Secretary of State John Kerry said the U.S. had been in touch with Nigeria “from day one” of the crisis. But repeated offers of U.S. assistance were ignored until Kerry got on the phone Tuesday with [Nigerian president] Jonathan amid growing international concern and outrage over the fate of the girls in the weeks since their abduction….  “I think now the complications that have arisen have convinced everybody that there needs to be a greater effort,” Kerry said at a State Department news conference. “And it will begin immediately. I mean, literally, immediately.”

Seconds before Boko Haram decapitate a Christian on video

“Convinced everybody”?  Is Kerry referring to himself?  After all, there might not have been any need for “greater effort,” the need to act “immediately. I mean, literally, immediately” had Kerry only let the Nigerian president and government do their job one year ago, when they were waging a particularly strong and successful offensive against Boko Haram in the very same region that the schoolgirls were recently kidnapped.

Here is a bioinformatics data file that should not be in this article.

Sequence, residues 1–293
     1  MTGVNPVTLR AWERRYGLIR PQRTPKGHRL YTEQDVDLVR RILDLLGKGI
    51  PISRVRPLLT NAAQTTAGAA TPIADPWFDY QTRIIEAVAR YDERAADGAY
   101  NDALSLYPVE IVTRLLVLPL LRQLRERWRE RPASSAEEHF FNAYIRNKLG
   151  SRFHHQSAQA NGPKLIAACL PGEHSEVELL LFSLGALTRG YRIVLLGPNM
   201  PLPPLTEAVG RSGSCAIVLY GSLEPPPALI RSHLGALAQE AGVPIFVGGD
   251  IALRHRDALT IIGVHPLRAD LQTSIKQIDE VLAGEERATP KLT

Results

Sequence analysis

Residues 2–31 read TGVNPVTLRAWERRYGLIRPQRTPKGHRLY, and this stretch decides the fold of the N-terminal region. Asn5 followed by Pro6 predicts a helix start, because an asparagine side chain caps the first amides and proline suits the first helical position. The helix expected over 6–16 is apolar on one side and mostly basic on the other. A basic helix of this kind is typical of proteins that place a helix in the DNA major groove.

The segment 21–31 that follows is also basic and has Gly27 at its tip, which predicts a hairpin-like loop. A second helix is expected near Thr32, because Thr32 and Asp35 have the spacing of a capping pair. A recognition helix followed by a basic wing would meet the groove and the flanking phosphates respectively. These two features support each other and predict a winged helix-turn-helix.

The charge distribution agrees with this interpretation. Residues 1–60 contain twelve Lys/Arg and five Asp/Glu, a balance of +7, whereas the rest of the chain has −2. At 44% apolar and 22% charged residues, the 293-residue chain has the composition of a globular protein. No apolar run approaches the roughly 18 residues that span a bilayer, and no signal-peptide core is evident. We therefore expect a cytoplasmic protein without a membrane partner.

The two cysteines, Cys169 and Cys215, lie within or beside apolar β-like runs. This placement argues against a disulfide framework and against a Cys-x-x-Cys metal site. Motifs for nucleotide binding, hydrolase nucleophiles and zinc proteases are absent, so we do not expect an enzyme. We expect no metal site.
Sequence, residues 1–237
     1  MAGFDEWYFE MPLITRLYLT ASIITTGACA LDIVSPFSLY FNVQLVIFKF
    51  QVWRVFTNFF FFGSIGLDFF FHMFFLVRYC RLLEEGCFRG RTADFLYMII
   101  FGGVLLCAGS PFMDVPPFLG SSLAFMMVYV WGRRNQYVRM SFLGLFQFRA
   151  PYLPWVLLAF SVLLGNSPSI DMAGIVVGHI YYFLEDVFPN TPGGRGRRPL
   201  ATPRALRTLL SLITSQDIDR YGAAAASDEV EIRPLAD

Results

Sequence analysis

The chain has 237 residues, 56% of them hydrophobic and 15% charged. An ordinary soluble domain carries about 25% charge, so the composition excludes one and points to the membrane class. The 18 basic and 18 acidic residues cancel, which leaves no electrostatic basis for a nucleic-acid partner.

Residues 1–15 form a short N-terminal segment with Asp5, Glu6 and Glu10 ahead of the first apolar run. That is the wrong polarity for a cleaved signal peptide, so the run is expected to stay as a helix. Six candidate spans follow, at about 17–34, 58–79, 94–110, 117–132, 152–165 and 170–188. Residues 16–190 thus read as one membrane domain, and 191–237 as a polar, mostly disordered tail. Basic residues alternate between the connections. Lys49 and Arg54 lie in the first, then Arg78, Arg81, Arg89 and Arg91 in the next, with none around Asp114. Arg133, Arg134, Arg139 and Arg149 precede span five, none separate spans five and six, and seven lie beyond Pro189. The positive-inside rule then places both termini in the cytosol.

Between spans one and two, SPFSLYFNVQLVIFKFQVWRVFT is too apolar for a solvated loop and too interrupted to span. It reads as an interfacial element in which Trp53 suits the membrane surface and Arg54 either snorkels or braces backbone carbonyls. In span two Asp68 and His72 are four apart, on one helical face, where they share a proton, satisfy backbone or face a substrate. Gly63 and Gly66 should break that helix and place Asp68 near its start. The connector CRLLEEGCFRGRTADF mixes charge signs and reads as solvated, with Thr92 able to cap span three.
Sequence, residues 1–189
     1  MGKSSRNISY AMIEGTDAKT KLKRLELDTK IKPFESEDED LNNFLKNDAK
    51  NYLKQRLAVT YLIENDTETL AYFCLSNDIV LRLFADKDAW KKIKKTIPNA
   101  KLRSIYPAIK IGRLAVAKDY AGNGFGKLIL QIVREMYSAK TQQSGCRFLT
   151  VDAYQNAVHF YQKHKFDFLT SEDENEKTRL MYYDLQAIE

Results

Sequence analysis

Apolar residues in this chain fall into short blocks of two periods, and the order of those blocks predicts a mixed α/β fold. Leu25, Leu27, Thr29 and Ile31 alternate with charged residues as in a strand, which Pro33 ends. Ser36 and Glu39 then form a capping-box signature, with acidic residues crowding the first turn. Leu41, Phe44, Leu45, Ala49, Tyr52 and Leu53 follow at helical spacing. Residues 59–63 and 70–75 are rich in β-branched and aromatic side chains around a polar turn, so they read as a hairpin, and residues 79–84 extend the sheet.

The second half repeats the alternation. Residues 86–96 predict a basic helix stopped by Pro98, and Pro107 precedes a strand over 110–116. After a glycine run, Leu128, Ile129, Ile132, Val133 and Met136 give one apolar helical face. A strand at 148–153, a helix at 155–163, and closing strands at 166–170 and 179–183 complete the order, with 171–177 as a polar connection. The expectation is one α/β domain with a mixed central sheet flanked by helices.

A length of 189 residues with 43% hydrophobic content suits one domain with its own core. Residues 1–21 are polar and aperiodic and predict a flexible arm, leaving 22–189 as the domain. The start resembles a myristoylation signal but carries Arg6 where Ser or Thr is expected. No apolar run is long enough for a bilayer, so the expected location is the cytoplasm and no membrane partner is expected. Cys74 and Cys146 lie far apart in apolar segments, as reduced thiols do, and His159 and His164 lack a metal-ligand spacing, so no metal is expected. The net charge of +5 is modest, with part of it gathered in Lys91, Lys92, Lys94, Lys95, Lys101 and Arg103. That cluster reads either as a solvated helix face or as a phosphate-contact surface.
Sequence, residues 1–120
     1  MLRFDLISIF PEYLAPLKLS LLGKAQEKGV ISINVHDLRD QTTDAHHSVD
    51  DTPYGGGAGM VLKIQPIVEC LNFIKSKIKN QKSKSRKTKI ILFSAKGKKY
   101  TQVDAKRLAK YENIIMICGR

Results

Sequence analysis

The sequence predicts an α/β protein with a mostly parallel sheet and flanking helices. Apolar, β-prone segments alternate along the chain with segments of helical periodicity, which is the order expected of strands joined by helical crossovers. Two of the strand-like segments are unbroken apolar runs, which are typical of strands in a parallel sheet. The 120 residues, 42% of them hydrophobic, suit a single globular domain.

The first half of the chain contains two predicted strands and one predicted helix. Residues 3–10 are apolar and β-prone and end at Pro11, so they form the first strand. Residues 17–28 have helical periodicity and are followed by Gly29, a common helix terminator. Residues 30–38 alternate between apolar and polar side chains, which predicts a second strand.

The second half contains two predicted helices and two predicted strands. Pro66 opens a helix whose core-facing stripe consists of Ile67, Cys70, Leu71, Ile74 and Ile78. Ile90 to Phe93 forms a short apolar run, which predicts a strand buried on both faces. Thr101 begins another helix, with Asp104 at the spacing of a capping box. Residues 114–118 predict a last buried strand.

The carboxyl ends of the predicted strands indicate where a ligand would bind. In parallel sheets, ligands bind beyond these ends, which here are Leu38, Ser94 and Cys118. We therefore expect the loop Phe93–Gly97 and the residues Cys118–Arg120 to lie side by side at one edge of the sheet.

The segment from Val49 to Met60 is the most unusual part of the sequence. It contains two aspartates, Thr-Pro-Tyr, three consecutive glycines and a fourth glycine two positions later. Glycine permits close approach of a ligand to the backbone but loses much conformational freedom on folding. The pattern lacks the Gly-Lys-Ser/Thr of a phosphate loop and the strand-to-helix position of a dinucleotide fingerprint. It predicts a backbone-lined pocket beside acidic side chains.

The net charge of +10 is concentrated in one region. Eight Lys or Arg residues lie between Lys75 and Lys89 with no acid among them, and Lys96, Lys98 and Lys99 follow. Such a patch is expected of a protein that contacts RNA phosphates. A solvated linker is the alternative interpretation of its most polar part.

Back then, in May 2013, soon after Nigerian forces killed 30 Boko Haram members, Reuters reported that “U.S. Secretary of State John Kerry issued a strongly worded statement [to the Nigerian president] saying: “We are … deeply concerned by credible allegations that Nigerian security forces are committing gross human rights violations, which, in turn, only escalate the violence and fuel extremism” from Boko Haram.

Read more: Family Security Matters